Giving Back: Joe Bain '41

Bain is forging bonds, link by link.

By
Lynn Horowitch '81; P '19
October 27, 2017
Curt Perry ’69, Kelly Teevan ’69, George Bain ’69 and Joe Bain ’41 at Exeter Leadership Weekend.

Curt Perry ’69, Kelly Teevan ’69, George Bain ’69 and Joe Bain ’41 at Exeter Leadership Weekend.

“Pause you who read this, and think for a moment of the long chain … that would never have bound you, but for the formation of the first link on one memorable day.” —Charles Dickens, Great Expectations

 

Since his arrival on campus before the start of World War II, Sherwood “Joe” Bain, class of 1941, has been assembling a chain of connections between himself and the extended Academy community, which includes three generations of the Bain family and a long line of younger alumni. Through the establishment of the Ninoy Scholarship, which covers part of the cost of an Exeter education for Asian students, Bain has forged strong relationships with students of Thai, Filipino and Hmong descent, among others. To understand how the scholarship came into being and to fully appreciate Bain’s lasting connections with its recipients, including Tchao Thao ’01, it is necessary to go link by link, beginning in 1939.

After attending high school in Maine, Bain came to Exeter that year for a two-year postgraduate term. He says, “It was an eye-opener! The mixture of students, the Harkness table, the faculty and facilities — it gave me a whole picture.” After leaving Exeter, Bain was stationed in the Philippines with the Army during World War II, and he came to have a strong appreciation for the Filipino culture and people. He graduated from Harvard and Harvard Business School after returning to the States, and later he and his wife, Carol, served as a host family for Filipino students at Harvard.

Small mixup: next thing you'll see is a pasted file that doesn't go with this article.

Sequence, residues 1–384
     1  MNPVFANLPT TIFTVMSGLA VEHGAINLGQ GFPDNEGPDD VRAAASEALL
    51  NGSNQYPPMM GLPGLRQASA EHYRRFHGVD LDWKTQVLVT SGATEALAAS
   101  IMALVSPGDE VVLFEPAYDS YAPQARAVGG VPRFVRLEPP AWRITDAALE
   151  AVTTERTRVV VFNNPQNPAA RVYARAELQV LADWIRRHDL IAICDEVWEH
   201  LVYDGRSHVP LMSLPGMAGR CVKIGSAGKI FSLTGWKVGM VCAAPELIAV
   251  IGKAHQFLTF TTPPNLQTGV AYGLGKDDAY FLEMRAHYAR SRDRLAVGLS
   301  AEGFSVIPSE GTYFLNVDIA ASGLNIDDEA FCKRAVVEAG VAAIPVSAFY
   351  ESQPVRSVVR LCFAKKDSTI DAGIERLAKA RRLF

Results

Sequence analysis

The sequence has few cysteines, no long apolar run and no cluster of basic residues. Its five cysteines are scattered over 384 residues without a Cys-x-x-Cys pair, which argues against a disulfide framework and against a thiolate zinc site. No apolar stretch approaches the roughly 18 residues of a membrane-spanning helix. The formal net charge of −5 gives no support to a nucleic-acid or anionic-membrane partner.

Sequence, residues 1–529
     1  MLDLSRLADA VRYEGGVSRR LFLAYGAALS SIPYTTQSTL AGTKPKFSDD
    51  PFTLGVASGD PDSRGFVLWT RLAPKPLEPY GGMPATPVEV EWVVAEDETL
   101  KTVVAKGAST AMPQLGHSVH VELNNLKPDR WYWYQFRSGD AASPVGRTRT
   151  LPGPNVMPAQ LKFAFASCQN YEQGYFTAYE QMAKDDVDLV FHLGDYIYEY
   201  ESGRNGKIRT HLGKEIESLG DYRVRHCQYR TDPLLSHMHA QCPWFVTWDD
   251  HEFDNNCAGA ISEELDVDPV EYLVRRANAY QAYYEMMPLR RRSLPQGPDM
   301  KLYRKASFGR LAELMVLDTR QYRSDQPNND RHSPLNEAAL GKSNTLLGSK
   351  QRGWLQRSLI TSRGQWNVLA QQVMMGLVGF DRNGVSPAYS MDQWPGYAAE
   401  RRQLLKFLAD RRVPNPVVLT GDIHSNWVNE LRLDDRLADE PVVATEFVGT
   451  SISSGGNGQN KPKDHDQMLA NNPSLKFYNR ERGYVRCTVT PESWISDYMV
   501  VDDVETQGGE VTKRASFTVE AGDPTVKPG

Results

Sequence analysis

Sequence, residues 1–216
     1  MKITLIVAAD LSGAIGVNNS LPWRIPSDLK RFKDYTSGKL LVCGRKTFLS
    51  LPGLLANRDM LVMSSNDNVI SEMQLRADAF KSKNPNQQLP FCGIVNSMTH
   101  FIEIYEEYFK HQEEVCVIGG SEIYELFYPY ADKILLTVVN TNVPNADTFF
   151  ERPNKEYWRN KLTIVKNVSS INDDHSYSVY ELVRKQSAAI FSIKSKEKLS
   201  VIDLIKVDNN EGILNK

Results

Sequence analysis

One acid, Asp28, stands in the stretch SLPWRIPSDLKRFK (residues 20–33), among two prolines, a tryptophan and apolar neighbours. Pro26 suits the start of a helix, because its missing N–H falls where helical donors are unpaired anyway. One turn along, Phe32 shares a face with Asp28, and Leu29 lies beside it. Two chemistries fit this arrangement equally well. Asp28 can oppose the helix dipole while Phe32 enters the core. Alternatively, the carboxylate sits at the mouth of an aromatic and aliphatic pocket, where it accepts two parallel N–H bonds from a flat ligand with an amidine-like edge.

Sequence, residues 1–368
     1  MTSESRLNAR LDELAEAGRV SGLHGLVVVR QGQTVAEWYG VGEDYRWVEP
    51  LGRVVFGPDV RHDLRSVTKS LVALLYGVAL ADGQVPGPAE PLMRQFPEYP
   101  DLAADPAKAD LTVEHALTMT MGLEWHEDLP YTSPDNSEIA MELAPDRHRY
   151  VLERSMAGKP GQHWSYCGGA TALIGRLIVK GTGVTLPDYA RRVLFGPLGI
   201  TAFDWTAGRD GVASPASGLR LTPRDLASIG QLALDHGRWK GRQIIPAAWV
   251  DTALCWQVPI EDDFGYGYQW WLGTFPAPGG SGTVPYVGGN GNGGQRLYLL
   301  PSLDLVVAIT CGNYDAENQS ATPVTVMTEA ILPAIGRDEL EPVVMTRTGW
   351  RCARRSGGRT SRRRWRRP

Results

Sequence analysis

Bain also paid particular attention to events in the Philippines. “I followed the political situation, and the leader, really a dictator, was Ferdinand Marcos — a scoundrel!” Bain says. Marcos, who served as president of the Philippines for more than two decades, established an authoritarian regime criticized for corruption and jailing opposition leaders. He was deposed in 1986.

Joe Bain with Tchao Thao '01

Marcos did one positive thing. He permitted Benigno S. Aquino Jr., a leader of the opposition party, to come to the United States in 1980 for open-heart surgery. Aquino later lived in Cambridge, Massachusetts, while he underwent medical treatments. Around the same time, Bain befriended Rene A.V. Saguisag, a Filipino doing graduate work at Harvard Law School, who later served in the Senate in Manila. Through that friendship, Bain got to know Aquino, known by his nickname “Ninoy,” and his wife, Corazon.